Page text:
The death of Harold Ramis this week has a lot of people (including me) thinking back fondly on the films that he wrote, directed, and starred in, including my personal favorite: Ghostbusters. (I’ll accept arguments that Groundhog Day is the superior Ramis film, but Ghostbusters was more central to my childhood, and thus gets my personal nod.)
Over at Quartz, Matt Phillips calls the 30(!)-year-old comedy classic “the greatest movie ever made about Republican economic policy.” Say what? As Phillips acknowledges, it’s hard to accept that a film co-written by Ramis and Dan Aykroyd, who so often poked fun at authority and the establishment, was out to glorify Reaganism. But he gamely makes the case:
Even the most obtuse Ghostbusters fanboy has to concede one thing. The real villain in Ghostbusters isn’t Gozer the Gozerian. It’s a bureaucrat from the Environmental Protection Agency. Seriously, it’s the government—specifically the federal government—personified in the odious William Peck of the EPA, that unleashes hell on New York. Dangerously ignorant of what it takes to run a small business, Peck ... cuts the power supply to the containment unit where Aykroyd & Company store their busted specters. The politics of this scene couldn’t be more clear:
I doubt if my pre-teen brain grokked that particular message as it was being blown away by protoplasmic blobs and nuclear accelerator packs. Phillips is right, though, that a good deal of America absorbed a “government is the enemy” message during the Reagan years. And unfortunately, that way of thinking is still with us today. (Gallup surveys show distrust in “Big Government”—more so than business or labor—surging in the 1980s and continuing to grow until the present, with only a slight dip after 9/11 and again during the 2008 financial crisis.)
We can’t blame Ghostbusters for this, of course (and in the case of NSA surveillance and Congressional brinksmanship, perhaps that distrust is more than earned). But let’s not mistake a nice narrative arc as an accurate reflection of reality. Do government bureaucrats get it wrong sometimes? Sure. But clearly the financial crisis—not to mention environmental disasters like the 2010 Deepwater Horizon blowout, the Kalamazoo River tar sands spill, and this year’s water-pollutingchemical and coal ash dumps—show that it’s more often a lack of regulations and weak government oversight that lead to catastrophe, whether it’s marshmallow coated or not.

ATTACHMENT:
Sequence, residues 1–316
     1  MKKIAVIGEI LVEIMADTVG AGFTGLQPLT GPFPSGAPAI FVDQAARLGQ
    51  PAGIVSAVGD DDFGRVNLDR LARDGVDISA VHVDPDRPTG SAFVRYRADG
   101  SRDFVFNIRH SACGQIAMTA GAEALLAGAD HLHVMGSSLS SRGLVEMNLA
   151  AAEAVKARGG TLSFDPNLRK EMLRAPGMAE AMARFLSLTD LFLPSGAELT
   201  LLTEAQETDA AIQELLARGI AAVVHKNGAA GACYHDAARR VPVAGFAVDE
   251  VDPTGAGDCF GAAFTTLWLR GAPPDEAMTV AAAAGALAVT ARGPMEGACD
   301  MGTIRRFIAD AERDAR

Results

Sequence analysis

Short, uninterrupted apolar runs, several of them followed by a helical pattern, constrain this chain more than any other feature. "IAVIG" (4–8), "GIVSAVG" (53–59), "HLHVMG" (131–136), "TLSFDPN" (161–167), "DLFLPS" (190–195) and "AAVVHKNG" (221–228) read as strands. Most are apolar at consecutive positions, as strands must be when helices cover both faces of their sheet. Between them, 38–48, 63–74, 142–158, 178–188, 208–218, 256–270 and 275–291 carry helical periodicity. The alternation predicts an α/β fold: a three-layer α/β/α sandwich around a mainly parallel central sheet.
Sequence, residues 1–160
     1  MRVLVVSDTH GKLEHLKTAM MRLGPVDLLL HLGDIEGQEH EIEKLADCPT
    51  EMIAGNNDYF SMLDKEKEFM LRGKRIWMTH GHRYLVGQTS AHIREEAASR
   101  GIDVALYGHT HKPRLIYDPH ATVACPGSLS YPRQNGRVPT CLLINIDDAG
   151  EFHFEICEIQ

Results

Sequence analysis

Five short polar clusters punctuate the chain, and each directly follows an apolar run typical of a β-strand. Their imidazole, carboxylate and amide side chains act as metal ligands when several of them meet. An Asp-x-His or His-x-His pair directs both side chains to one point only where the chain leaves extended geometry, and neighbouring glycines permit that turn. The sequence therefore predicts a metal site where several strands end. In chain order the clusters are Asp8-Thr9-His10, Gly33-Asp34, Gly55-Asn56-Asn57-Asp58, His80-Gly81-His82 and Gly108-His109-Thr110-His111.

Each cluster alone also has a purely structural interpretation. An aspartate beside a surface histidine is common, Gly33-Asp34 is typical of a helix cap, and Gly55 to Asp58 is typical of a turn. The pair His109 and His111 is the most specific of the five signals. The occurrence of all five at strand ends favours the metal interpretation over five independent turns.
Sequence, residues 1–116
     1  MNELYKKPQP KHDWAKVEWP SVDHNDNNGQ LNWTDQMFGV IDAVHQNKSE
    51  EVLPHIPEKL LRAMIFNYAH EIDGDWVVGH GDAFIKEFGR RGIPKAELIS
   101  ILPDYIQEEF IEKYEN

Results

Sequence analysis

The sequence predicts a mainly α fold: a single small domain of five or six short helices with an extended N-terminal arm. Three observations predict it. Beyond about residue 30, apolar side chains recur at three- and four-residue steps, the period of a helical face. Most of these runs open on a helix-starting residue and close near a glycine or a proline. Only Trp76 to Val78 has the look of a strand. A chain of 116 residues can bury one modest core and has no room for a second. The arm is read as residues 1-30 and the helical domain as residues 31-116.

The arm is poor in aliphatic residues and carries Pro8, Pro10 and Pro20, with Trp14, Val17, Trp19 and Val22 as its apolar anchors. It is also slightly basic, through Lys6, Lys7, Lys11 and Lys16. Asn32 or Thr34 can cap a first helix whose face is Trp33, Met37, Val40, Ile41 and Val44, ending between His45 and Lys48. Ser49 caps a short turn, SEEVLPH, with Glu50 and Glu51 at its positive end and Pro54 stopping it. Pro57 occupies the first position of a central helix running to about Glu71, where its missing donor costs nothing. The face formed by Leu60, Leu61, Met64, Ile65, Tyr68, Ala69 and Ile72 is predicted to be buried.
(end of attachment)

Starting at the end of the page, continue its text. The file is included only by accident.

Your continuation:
Just this week, the Houston Chronicle is out with an eye-opening investigation of the Texas oil patch, which reveals that the recent fracking boom has been a terrible bust from a worker-safety standpoint: more than 250 have died on the job since 2007. And in our own pages, journalist Ted Genoways chronicles how the explosion of factory farms in Iowa, combined with a lack of government oversight, is poisoning the state’s drinking water.
How do we square these almost-everyday examples of unregulated industry run amok with America’s perceived distrust of government oversight? Well, for one thing, let’s remember that many of those same public opinion surveys show that although Americans might not like “Big Government” as a concept, they’re very supportive of specific government action on important things like protecting air and water.
Recent surveys by the American Lung Association, for instance, consistently show that a large majority of voters support the Clean Air Act and government efforts to reduce air pollution, including the greenhouse gases responsible for climate change. You wouldn’t know that based on the conversation in Washington, though, where “job-killing regulations” and claims of “government overreach” still get all the soundbites. It’s almost like politicians haven’t been paying attention for the last 30 years.
So if you, like me, are planning to rewatch Ghostbusters as a Ramis tribute this weekend, don’t let the EPA-as-bad-guy message fool you. As Phillips concedes, it’s just a movie, after all. And you don’t need total consciousness to see that.